So I walk into the lobby area, sign in, and chat with the technician for a few minutes. She asks me if I'm fasting, and I say yes along with an "I'm ready for a cup of coffee!" She agrees with me but tells me that she can't have coffee because she's going through a detox.

Say wha?

No, no, no, this can't be good.

We've established that I do not have a mind filled with medical knowledge, but I'll go ahead and say that I do not think that people undergoing detox are, shall we say, well-fed. And I'm of the mind that a well-fed person is a happy person. And only happy people should be wielding needles. Especially if those needles are directed toward my person.

We continued with the chit-chat and I relaxed. I tried not to think about the needle, like I was sitting in the funny chair with my sleeve rolled up just because I considered it to be comfortable and a good time to make a fashion statement. I was very pleasantly surprised that the detoxed-yet-wonderful lab technician got what she needed with one stab.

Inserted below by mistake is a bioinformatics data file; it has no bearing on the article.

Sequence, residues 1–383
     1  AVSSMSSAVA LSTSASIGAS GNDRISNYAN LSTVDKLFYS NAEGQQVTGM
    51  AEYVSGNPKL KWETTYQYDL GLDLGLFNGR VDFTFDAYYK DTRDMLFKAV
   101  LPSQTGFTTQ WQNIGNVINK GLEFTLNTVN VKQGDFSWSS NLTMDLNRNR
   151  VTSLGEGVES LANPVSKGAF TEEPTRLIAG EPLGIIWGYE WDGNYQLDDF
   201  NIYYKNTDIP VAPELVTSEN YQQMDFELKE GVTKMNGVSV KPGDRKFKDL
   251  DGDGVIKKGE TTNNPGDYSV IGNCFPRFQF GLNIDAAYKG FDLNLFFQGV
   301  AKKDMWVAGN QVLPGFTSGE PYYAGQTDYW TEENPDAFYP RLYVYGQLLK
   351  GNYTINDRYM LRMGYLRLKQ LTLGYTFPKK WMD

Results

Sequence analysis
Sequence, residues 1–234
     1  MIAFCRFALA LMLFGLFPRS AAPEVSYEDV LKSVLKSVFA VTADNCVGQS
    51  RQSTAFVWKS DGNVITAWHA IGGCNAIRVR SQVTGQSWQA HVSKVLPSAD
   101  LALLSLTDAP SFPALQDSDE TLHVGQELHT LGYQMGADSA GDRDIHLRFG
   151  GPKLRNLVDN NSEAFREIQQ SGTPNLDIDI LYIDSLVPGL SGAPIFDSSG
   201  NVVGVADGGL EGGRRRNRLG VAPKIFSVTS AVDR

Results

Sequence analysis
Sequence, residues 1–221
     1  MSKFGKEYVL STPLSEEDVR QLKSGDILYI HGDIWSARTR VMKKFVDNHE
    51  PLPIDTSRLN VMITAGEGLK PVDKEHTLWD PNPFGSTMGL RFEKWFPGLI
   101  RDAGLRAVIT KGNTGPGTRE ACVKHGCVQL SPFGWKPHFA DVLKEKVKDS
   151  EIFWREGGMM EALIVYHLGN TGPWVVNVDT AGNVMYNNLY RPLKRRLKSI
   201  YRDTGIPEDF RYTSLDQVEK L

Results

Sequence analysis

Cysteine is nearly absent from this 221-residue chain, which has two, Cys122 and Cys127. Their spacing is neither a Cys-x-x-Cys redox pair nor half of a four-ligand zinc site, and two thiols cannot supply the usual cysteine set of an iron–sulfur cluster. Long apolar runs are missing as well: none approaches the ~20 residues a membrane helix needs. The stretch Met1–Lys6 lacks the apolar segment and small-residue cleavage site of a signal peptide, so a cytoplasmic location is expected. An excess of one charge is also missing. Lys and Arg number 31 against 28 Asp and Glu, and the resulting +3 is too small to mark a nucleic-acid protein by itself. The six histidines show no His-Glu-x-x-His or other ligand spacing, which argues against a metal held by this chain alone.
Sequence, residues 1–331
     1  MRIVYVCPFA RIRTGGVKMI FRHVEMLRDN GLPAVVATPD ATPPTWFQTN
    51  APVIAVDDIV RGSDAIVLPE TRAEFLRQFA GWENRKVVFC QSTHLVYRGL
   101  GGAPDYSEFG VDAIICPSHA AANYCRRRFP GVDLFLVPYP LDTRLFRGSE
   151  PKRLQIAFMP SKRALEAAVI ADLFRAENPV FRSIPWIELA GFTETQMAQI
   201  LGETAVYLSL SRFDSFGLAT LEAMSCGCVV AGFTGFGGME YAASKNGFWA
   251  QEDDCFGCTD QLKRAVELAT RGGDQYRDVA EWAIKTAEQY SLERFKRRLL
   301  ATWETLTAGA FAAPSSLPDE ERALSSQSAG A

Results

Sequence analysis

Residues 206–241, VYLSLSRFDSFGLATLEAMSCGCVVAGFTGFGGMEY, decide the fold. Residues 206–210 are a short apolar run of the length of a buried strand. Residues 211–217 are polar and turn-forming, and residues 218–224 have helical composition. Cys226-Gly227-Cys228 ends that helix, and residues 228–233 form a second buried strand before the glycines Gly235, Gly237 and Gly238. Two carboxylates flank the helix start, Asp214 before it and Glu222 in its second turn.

I feel that it's important to compliment good work, so I told her that I appreciated her expertise and the minimum of pain. She shared her secret with me - you may not be able to see a vein, but you can feel it. She simply knew what she was doing. And I realized that if you want something done right, you've gotta go to the experts.

Words to live by, my friend. Words to live by.

So I went on my merry way and rewarded myself with a trip to Starbucks for a biscotti and tall skinny vanilla latte. Actually, I tried to convince myself that I deserved a full sugar latte, for the pain and suffering and all, but Myself didn't buy it. So I got the skinny latte...and totally forgot about the biscotti. Coffee on an empty stomach. Nice. Pouring salt on the wound, so to speak.

That's how my work day began - little food, a lot of blood, and a very boring story to share.

Thank you for reliving the experience with me.

Good night.